61

‡ Issues involved are:
± PLM needs an adequate technology infrastructure ± PLM application should be open & harmonized with other applications ± PLM applications must be configurable & not customizable ± PLM applications must be useable and embedded ± PLM applications must be utility-like in their performance

62

INFRASTRUCTURE HURDLE
‡ This aspect is mostly ignored ‡ PLM with its requirement for access to substantial amounts of math-based designs will strain infrastructure that is not sized to handle it ‡ Shortage of infrastructure can cause slow adoption or even failure of the project ‡ Infrastructure can be in terms of computing capability, communication, bandwidth, storage & people etc.
63

OPEN, HARMONIZED APPLICATIONS
‡ There is a large variety of product information & its uses, as such no single solution provider make over the entire PLM ‡ Thus there will be a number of different solutions in selected areas of expertise ‡ There may not be a single standard for this & we should look for openness & harmonization in their product offerings
64

‡ By openness we mean ability to understand & use the information from the applications at some level of granularity ‡ By harmonization we mean to have different applications to be compatible with one another so that information can be shared/transferred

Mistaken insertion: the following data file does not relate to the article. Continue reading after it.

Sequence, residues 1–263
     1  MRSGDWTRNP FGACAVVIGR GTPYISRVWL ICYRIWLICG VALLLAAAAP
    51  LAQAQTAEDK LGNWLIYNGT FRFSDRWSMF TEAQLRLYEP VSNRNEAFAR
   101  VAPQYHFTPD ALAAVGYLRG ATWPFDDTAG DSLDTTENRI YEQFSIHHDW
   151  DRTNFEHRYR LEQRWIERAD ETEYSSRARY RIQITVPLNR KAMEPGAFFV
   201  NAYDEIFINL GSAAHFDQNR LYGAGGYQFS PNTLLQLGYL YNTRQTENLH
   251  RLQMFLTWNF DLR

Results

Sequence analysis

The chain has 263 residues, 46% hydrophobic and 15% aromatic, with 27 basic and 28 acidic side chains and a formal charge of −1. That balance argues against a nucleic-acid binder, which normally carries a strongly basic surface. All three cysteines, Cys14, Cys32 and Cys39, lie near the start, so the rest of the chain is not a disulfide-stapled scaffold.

65

CONFIGURABLE, NOT CUSTOMIZABLE
‡ Customize software is problematic for new initiatives like PLM ‡ With a rapid changes any customization is expensive & will delay adoption of new application ‡ Configurable applications are the solutions for the applications that are not customize but are tailored to the organization that acquires them
66

EMBEDDED AND USEABLE
‡ Applications should reflect the way that people do their jobs & the technical considerations must not overwrite uses requirements ‡ If the applications are updated in a manner that does not reflect the job processes & practices, it leads to wasted time, energy & material
67

‡ We must align our information technology with our business processes & practices ‡ By embedding, the information system becomes an integral part of the job processes & practices ‡ Application must reflect how job is done & not how the programming is easily achieved ‡ Software developers¶ needs must not be put over the needs of the application users

68

UTILITY-LIKE PERFORMANCE
‡ To capture, retrieve and use product information should be simple & useable like a utility ‡ Such applications must be reliable & work each & every time the user ³switches´ them on ‡ Absence of this will lead to alternate means of a handling this information resulting in wastage
69

70

Sponsor Documents

Or use your account on DocShare.tips

Hide

Forgot your password?

Or register your new account on DocShare.tips

Hide

Lost your password? Please enter your email address. You will receive a link to create a new password.

Back to log-in

Close